The Bull Shit Detection Rules…

Every now and then I like to read ‘other’ stuff to get away from physio stuff, and I have recently been reading a book called “The Demon Haunted World”. This was published in 1995 by Carl Sagan and takes a look at the wonders of our universe, science as well looking at how critical, scientific thinking is desperately needed and essential for all that we do and how we all need to improve in it.

For those of you who don’t know who Carl Sagan is he was not only a brilliant scientist, but also a great philosopher, sociologist, psychologist, critical thinker, poet, sage, writer and orator with a fantastic ability to pass on knowledge. His ‘pale blue dot’ being one of his famous works, and is well worth a few minutes of your time to watch right now to put you and your importance in this universe into some serious perspective.

Now in ‘The Demon Haunted World’ Sagan lays out the best ways and methods to help us distinguish between ideas that are valid and scientific, and ideas that are nonsense and pseudo-scientific, for which a lot can found within physiotherapy teaching and practice.

In a chapter called ‘The fine art of baloney detection’ he discusses how we are all susceptible to many types of deception, from tv sales and marketing, to religious beliefs, and of course false scientific claims. He also reminds us that falling for marketing scam, religious dogma, and pseudo-science doesn’t make us stupid or foolish, just naive and ill informed.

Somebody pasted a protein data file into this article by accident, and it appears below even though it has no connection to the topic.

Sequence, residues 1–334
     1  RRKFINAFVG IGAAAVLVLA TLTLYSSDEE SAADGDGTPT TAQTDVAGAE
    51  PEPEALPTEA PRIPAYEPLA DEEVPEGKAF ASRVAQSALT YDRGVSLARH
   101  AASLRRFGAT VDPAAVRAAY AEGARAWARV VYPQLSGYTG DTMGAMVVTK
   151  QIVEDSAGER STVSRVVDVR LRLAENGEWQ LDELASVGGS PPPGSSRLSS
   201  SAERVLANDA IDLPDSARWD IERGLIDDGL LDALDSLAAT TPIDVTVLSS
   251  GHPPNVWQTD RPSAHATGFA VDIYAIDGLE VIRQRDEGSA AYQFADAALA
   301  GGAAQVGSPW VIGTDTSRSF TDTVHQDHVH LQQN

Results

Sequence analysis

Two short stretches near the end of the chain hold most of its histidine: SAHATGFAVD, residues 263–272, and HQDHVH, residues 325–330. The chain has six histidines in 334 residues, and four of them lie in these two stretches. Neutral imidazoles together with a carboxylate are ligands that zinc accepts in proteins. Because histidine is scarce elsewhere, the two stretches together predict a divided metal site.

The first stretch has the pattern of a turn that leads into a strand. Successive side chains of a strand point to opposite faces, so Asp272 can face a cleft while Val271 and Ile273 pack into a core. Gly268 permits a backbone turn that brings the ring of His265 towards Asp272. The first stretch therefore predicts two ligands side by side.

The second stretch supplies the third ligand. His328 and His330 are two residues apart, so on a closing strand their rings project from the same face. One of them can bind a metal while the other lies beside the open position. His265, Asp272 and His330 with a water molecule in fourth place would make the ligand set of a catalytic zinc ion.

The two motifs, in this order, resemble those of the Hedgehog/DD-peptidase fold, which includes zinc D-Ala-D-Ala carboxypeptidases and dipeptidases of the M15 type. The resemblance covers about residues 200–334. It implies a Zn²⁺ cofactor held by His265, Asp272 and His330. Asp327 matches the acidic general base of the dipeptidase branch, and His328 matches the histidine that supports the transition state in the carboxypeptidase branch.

However, in an attempt to avoid this happening Sagan advises that we equip ourselves with nine baloney detection rules, or what I’d rather call bull shit detection rules.

And after the many discussions I have had with many clinicians about much pseudo-scientific bullshit in our profession, such as trigger points, dry needling, spinal manipulations, neon coloured stretchy tape, motor control exercises to name a few, I thought I would share Sagan’s Bull Shit Detection Rules and hopefully help you spot it too.

The Bull Shit Detection Rules

No1: Wherever possible there must be INDEPENDENT unbiased confirmation of the “facts.”

That means any research trial published that shows an effect or not needs to be reproduced by another independent party BEFORE we can claim there is or isn’t an effect.

No2: Encourage open honest and substantive debate on the evidence by proponents from ALL sides.

This means open, honest, transparent, public debate and discourse is needed by all interested parties regardless of their position or standing, and not only limited to just those with affiliations or connections in closed and private meetings.

No3: Arguments from an authority carry little weight.

Authorities have made mistakes in the past, and they will do so again in the future. There are NO authorities; at most, there are experts, but this still does not make them immune from questioning or challenging.

No4: If there’s something to be explained, think of ALL the different ways in which it could be explained.

Think of tests you could do that might systematically DISPROVE the alternatives. What survives among the “multiple hypotheses,” has a much better chance of being the right answer than the first idea that caught your fancy.

No5: Do not to get overly ATTACHED to a hypothesis just because it’s yours.

Ask yourself why you like the idea. Compare it fairly with ALL the alternatives. See if you can find reasons for  REJECTING it. If you don’t, others will.

No6: Quantify it.